Salvia clevelandii

Salvia clevelandii, the fragrant sage,[1] blue sage, Jim sage and Cleveland sage, is a perennial plant that is native to Southern California and northern Baja California, growing below 900 m (3,000 ft) elevation in California coastal sage and chaparral habitat. The plant was named in 1874 by Asa Gray, honoring plant collector Daniel Cleveland.[2][3]

Cleveland's sage
Salvia clevelandii - jim sage - desc-flowers - status-rare.jpg
Scientific classification edit
Kingdom: Plantae
Clade: Tracheophytes
Clade: Angiosperms
Clade: Eudicots
Clade: Asterids
Order: Lamiales
Family: Lamiaceae
Genus: Salvia
Species:
S. clevelandii
Binomial name
Salvia clevelandii
Synonyms

Audibertia clevelandii A.Gray

Salvia clevelandii flower

DescriptionEdit

 
Salvia clevelandii leaves

Salvia clevelandii is an evergreen shrub that reaches 1 to 1.5 m (3.3 to 4.9 ft) in height and width. The fragrant, ashy green leaves are obovate and rugose, growing less than 2.5 cm (0.98 in) long. Flowers are on 30 cm (12 in) spikes, with numerous whorls of upright amethyst blooms opening in June–July.[2]

PhytochemistryEdit

The rose potpourri scented foliage of hybrids is composed of camphor and 1,8-cineole. Named cultivars with a eucalyptus scent also contain around 20% 1,8-cineole.[4]

TaxonomyEdit

This species was described in 1874 as Audibertia clevelandii (the basionym) by Asa Gray, named in honor of Daniel Cleveland. Cleveland was an amateur botanist and civic leader from San Diego, who had taken an interest in the local flora and fauna, sending his collections to Gray over a 20-year correspondence.[3][5]

In the wild, this species may hybridize with Salvia apiana and Salvia mellifera.[6][7]

Distribution and habitatEdit

This species is found throughout portions of Southern California and northwestern Baja California, in chaparral and coastal sage scrub. It is distributed along the coast of San Diego County, the Peninsular Ranges of San Diego and Orange counties, and in northwestern Baja California, from the border to the northern portion of the Central Desert in the southern Sierra de San Pedro Martir.[8]

CultivationEdit

Salvia clevelandii is a popular Southwest USA landscape plant, cultivated since the 1940s. Plants prefer dry summers, good drainage, and tolerate full sun in cooler areas. As a landscape plant they have a relatively short life span of five to ten years. They are hardy to −7 °C (19 °F).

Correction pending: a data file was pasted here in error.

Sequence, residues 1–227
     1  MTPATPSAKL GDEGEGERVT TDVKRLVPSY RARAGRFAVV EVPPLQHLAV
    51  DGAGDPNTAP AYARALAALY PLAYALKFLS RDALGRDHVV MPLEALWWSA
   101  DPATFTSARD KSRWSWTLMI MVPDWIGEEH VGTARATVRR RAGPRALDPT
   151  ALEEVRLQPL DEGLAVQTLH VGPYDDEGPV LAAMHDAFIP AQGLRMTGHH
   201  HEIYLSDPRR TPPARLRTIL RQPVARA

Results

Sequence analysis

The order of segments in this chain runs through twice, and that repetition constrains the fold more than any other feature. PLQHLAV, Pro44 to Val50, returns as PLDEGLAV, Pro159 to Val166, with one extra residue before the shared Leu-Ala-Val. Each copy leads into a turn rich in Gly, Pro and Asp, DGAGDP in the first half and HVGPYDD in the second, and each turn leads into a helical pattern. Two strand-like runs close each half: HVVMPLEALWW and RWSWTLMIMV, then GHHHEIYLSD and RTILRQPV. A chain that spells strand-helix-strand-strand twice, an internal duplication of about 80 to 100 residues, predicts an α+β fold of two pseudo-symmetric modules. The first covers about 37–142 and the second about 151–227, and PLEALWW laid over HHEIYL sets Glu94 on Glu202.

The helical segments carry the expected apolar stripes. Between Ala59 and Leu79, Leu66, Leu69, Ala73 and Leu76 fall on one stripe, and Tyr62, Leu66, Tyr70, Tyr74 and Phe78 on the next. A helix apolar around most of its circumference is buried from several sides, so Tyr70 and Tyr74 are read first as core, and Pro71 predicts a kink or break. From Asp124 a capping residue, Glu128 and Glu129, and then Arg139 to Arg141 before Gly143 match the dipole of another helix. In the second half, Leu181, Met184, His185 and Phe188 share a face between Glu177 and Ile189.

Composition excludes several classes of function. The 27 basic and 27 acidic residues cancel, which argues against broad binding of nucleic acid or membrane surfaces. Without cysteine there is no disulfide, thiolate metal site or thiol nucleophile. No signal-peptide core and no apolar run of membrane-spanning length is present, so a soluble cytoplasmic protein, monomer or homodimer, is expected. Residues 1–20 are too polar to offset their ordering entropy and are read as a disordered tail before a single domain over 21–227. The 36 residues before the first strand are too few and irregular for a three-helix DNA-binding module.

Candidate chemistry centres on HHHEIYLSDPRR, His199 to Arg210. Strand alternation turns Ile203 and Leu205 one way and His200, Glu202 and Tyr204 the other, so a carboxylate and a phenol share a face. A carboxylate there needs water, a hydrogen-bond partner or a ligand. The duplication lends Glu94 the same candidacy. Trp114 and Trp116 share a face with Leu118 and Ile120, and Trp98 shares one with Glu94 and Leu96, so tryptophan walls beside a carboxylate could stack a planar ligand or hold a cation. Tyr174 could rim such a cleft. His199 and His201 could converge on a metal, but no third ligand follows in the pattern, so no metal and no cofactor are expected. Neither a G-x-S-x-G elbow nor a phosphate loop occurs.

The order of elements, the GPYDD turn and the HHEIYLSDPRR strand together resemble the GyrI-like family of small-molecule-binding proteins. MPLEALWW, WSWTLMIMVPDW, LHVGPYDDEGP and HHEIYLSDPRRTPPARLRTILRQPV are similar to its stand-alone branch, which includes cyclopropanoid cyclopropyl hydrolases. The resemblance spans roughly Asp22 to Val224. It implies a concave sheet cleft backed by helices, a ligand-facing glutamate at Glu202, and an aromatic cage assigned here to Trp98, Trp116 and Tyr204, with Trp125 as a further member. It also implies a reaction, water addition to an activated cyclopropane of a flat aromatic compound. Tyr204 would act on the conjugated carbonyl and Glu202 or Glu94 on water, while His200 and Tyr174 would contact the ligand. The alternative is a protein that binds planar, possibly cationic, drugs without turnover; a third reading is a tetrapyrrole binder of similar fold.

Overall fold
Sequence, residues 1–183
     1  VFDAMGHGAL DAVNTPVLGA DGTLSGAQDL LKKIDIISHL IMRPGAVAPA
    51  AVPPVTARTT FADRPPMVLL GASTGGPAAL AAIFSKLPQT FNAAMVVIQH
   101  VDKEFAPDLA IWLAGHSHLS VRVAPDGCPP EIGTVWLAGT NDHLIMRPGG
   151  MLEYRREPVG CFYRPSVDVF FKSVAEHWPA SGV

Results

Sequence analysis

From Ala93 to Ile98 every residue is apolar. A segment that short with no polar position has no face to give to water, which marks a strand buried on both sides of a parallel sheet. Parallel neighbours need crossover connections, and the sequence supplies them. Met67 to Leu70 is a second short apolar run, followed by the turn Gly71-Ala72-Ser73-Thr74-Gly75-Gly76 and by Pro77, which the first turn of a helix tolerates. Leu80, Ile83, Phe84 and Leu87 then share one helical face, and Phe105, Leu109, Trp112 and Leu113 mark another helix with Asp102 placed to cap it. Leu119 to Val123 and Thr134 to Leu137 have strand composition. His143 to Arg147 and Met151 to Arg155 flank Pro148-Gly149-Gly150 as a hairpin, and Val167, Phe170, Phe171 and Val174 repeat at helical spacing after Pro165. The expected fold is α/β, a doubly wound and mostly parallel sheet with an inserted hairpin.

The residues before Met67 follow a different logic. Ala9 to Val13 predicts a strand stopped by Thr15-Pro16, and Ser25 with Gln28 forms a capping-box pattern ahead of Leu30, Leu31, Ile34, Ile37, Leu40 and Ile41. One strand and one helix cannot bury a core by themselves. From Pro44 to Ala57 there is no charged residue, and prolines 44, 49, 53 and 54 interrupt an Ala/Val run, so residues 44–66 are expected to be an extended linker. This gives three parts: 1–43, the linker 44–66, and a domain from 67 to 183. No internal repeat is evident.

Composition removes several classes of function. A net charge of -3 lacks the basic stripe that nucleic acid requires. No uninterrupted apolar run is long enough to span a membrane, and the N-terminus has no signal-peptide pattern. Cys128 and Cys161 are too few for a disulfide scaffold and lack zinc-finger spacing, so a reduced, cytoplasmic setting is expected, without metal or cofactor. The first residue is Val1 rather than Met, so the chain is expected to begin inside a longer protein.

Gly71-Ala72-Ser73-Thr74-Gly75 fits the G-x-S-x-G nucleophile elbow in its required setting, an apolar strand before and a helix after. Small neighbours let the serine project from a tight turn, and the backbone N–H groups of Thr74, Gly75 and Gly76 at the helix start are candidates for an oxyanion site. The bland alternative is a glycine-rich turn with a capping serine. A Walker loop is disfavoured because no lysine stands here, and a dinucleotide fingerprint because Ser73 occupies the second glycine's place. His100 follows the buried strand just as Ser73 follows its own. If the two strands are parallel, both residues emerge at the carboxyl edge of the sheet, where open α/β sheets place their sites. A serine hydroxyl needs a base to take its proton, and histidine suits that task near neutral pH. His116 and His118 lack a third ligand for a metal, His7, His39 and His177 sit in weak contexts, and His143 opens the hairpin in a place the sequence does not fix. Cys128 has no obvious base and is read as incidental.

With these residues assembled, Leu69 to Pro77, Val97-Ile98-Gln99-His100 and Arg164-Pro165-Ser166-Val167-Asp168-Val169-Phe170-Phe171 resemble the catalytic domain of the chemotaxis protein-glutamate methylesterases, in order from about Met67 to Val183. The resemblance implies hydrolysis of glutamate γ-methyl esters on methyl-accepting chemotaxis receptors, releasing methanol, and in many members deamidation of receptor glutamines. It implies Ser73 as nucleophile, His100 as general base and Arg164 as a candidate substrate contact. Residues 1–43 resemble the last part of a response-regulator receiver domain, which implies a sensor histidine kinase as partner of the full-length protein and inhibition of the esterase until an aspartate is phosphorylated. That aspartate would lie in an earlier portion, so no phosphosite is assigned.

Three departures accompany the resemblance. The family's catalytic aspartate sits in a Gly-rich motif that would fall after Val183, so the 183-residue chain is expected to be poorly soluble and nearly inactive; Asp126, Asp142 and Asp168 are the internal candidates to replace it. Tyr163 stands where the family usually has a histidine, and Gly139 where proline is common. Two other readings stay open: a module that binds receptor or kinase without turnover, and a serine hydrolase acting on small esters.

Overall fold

Cultivars and hybrids include:

  • 'Winnifred Gilman', a popular cultivar with intense violet-blue flowers.
  • 'Betsy Clebsch', a shorter cultivar with wide variation in flower color.
  • 'Allen Chickering', 'Aromas', 'Pozo Blue', 'Santa Cruz Dark', and 'Whirly Blue' are hybrids with similar appearance.[2]

Salvia clevelandii is one of the parents of the hybrid Salvia 'Celestial Blue'.

NotesEdit

  1. ^ USDA, NRCS (n.d.). "Salvia clevelandii". The PLANTS Database (plants.usda.gov). Greensboro, North Carolina: National Plant Data Team. Retrieved 28 October 2015.
  2. ^ a b c Clebsch, Betsy; Barner, Carol D. (2003). The New Book of Salvias. Timber Press. pp. 78–81. ISBN 978-0-88192-560-9.
  3. ^ a b "Who was Salvia clevelandii named for?". Smarty Plant. Lady Bird Johnson Wildflower Center, the University of Texas at Austin. [T]he author of the species chose to honor Daniel Cleveland, a nineteenth century lawyer, amateur botanist, plant collector and co-founder of the San Diego Society of Natural History. [...] there are a number of other species named in his honor, including: Cheilanthes clevelandii, Chorizanthe clevelandii, Cryptantha clevelandii, Dodecatheon clevelandii, Horkelia clevelandii, Malacothrix clevelandii, Mimulus clevelandii, Muilla clevelandii, Nicotiana clevelandii and Penstemon clevelandii. Moreover, the monotypic Mexican genus, Clevelandia (now included in Castilleja) was also named in Mr. Cleveland's honor. [The fish genus Clevelandia was as well.]
  4. ^ Debaggio, Thomas; Tucker, Arthur O. (2009). The Encyclopedia of Herbs. ISBN 9781604691344. Retrieved 10 May 2021.
  5. ^ "Daniel Cleveland (1838–1929)". San Diego Natural History Museum. San Diego Society of Natural History. Retrieved January 5, 2022.{{cite web}}: CS1 maint: url-status (link)
  6. ^ Montalvo, A. M. and J. L. Beyers. 2010. Plant Profile for Salvia apiana. Native Plant Recommendations for Southern California Ecoregions. Riverside-Corona Resource Conservation District and U.S. Department of Agriculture, Forest Service, Pacific Southwest Research Station, Riverside, CA. Online: http://www.rcrcd.com/index.php?option=com_content&view=article&id=88&Itemid=190
  7. ^ Montalvo, A. M., E. C. Riordan, and J. L. Beyers. 2017. Plant Profile for Salvia mellifera, Updated 2017. Native Plant Recommendations for Southern California Ecoregions. Riverside-Corona Resource Conservation District and U.S. Department of Agriculture, Forest Service, Pacific Southwest Research Station, Riverside, CA. Online: https://www.rcrcd.org/plant-profiles
  8. ^ Rebman, J. P.; Gibson, J.; Rich, K. (2016). "Annotated checklist of the vascular plants of Baja California, Mexico" (PDF). San Diego Society of Natural History. 45: 183.

External linksEdit